As it sounds, a direct-mail campaign involves sending letters and/or postcards in the mail directly to prospective sellers. You might think sending something just to say “We Buy Houses” is a waste of time because no one reads “junk mail,” right? Well, not everyone throws it in the trash. There is something about holding a physical letter or postcard that makes it personal and gets a seller’s attention. Some people do read such cards and will call you, at which point you will need to qualify the opportunity.

Consistency is the Key 

Direct mail requires consistency. It cannot be emphasized enough here that without consistency, you will NOT have ongoing success with direct mail. This means having a series of organized mailers intended to drive call volume from qualified sellers where deals can be made. Remember, it’s not a one-time event.

Before you can send any mail, you will need to get your list from a reliable source. Creating lists from tax records, MLS records, or simply buying lists from other service providers, is where you want to start. Once you have the list, you will need to narrow your criteria for what you are targeting (i.e., owned home for 20 years, specific square footage, year built, etc.).

The most effective way to implement a direct-mail campaign is to mail to the same group multiple times (four to five times) with a different message each time. For example, you might take a list of 5,000 (or any manageable number where you can handle the call volume) and set up a letter/postcard to go out every four to six weeks over the course of five to seven months.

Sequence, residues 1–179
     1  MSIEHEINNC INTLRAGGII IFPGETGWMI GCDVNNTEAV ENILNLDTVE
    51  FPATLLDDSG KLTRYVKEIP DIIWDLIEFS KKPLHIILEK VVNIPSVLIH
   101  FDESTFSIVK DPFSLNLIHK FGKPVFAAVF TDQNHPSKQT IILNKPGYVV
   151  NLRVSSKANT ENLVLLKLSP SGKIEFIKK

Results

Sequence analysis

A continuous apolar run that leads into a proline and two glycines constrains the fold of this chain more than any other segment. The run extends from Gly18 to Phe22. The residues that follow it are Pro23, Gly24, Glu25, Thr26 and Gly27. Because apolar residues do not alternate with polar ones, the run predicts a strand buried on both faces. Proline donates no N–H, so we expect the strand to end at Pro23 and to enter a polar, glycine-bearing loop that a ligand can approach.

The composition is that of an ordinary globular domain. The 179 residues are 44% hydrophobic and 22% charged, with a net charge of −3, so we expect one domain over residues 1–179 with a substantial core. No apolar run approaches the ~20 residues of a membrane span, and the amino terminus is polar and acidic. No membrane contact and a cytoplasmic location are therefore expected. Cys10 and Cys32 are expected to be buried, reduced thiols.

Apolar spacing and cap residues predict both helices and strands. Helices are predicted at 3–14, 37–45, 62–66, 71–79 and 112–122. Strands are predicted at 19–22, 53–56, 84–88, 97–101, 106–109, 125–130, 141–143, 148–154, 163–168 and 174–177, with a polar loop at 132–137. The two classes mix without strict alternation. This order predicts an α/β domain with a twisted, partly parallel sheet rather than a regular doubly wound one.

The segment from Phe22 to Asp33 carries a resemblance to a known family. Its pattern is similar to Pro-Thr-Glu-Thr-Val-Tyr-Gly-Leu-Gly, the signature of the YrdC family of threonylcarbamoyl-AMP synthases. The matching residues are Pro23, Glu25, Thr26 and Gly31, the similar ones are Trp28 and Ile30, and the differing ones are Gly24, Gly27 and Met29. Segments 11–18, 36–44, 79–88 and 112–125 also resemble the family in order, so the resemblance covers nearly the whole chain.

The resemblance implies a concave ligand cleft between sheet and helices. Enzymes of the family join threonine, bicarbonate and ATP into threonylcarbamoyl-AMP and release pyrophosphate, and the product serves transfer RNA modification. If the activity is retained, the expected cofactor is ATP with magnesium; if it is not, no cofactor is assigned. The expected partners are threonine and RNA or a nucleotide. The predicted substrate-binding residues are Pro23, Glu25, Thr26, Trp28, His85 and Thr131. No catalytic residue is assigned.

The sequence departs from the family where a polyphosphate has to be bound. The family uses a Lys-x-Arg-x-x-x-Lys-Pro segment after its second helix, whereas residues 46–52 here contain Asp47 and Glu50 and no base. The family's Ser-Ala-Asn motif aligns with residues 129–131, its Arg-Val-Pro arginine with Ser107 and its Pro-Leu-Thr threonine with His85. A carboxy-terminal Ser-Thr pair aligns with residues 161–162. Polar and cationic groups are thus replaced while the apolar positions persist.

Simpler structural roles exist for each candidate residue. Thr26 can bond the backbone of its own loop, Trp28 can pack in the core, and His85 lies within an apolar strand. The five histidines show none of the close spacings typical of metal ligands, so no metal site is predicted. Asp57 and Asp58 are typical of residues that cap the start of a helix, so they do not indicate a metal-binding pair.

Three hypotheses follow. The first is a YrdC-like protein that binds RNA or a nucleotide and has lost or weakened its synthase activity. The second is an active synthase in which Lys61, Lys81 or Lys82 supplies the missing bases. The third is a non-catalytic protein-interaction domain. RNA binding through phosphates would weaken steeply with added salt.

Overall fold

Answer the Phone

Once your campaign is underway and mail is out the door, your phone is going to ring. Be sure your phone is charged and you are prepared to take the calls. Failure to be prepared here is going to cost you leads. Have a call sheet available with questions centered on determining the two most important things: The amount of equity in the property and the amount of motivation in the seller. If you have both equity and motivation, that’s a recipe for a great deal.

Conclusion

You will need to determine what your budget will allow in a direct mail campaign, as you will have better results with a larger volume of mailers. If you don’t have several thousand dollars to invest or the time needed to complete a five-month campaign, utilize the other methods such as driving neighborhoods and getting referrals.